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Virginia Lawmakers Still Think Congress can move on Police Reform

Rog Cogswell / Creative Commons

Virginia lawmakers in both parties say they’re frustrated policing reform efforts have stalled on Capitol Hill.  Besides the finger pointing, lawmakers still think a deal can be reached.

Senate Republican leaders didn’t invite Democrats to the negotiating table on policing reform, so Democrats blocked their bill last week. But the Senate GOP bill included many of the same goals as the bill House Democrats passed last week. But while Democrats want to ban chokeholds and no-knock drug warrants, Republicans want to use federal funding to compel police forces to wind those practices down.

6th District Republican Congressman Ben Cline says he’s disappointed House Democrats went it alone. “The majority was more interested in a campaign talking point then actually making progress to address the issues, which are bipartisan and have consensus on a lot of different areas," Cline says. "So I was hopeful we could get there, but that's the naiveté of a freshman, I guess.”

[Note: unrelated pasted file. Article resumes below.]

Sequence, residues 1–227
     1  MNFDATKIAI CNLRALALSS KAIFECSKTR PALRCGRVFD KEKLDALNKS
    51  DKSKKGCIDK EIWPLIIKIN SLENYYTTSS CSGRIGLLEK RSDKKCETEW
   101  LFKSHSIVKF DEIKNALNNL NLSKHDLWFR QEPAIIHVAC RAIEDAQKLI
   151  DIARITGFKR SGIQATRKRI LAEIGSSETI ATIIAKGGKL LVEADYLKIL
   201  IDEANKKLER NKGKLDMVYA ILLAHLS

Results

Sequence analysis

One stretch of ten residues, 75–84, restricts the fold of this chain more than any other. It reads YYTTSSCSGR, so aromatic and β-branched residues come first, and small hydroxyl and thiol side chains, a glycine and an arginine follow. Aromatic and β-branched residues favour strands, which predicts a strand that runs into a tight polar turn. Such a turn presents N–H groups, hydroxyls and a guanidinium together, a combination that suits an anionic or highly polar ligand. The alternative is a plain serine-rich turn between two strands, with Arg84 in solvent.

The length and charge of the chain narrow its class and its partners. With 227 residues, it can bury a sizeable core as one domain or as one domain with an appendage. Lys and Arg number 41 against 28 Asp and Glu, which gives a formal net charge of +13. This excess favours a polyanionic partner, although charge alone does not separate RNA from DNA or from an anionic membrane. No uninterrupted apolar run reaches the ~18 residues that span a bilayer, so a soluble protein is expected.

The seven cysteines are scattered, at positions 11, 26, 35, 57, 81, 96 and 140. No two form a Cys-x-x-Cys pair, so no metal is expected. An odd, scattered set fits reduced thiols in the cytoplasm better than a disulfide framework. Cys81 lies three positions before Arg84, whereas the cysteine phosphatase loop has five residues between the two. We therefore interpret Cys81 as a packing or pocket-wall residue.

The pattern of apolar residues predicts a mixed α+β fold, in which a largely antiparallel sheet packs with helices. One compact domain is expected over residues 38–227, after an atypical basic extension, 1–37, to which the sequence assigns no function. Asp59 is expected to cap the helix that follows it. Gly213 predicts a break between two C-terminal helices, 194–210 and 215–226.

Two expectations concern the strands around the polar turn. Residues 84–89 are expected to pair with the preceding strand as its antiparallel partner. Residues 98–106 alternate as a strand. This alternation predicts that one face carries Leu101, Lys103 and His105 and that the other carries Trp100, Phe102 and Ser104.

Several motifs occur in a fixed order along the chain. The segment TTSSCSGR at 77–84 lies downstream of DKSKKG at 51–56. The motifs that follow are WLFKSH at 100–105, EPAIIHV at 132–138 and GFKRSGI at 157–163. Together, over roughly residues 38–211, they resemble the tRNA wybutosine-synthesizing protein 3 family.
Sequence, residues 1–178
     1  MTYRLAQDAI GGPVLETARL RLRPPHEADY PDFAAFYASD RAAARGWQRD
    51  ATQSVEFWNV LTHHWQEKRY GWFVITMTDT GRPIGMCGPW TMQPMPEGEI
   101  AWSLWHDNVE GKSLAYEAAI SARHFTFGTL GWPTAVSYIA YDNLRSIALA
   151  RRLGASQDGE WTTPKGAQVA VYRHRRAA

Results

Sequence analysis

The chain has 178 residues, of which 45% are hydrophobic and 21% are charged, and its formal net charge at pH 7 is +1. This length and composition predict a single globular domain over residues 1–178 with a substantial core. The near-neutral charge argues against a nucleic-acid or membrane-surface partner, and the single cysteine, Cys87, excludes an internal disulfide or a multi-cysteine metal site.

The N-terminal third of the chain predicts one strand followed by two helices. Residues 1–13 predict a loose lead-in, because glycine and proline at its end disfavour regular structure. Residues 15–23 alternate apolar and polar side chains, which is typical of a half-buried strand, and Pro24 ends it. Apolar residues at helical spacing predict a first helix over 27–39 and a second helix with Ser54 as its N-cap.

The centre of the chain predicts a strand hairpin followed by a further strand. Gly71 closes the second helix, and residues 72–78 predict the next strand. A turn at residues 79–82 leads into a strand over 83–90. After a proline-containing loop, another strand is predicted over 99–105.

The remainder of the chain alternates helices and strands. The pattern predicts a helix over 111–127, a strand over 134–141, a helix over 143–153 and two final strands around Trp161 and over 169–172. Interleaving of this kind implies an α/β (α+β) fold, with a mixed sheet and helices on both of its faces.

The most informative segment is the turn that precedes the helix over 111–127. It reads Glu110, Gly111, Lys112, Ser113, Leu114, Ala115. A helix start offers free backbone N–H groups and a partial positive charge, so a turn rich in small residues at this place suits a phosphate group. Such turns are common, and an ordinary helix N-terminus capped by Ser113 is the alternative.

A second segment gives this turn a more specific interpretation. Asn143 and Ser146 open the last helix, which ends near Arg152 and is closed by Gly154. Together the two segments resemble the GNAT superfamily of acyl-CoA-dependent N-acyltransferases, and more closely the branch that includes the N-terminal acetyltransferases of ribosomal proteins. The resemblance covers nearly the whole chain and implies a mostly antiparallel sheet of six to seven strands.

On the other side of the Capitol, Democratic Senator Mark Warner is singing the same tune. Though he accuses Republican Leader Mitch McConnell of cutting Democrats out of negotiations.   “It doesn't feel like he's treating this issue with the attention that it deserves,” Warner argues.

Virginia’s other Democratic Senator, Tim Kaine, says it’s up to the GOP as to how to proceed, though he hopes GOP leaders encourage bipartisan negotiations going forward. “If they want it to be over, we can't force them to bring it up, but what they ought to do is empower, you know, some bipartisan folks.”

So is policing reform over? Republican Congressman Cline says no.  “Because we had a lot of conversations  and there were a lot of conversations behind closed doors, where you had the agreement there, you had the Democrats agreeing to come to the table and compromise on the issues. And when we deadlock with the Senate, hopefully we can move beyond that to the compromise and actually make progress.”

But with November quickly approaching, the congressional calendar is shrinking by the day. 

This report, provided by Virginia Public Radio, was made possible with support from the Virginia Education Association.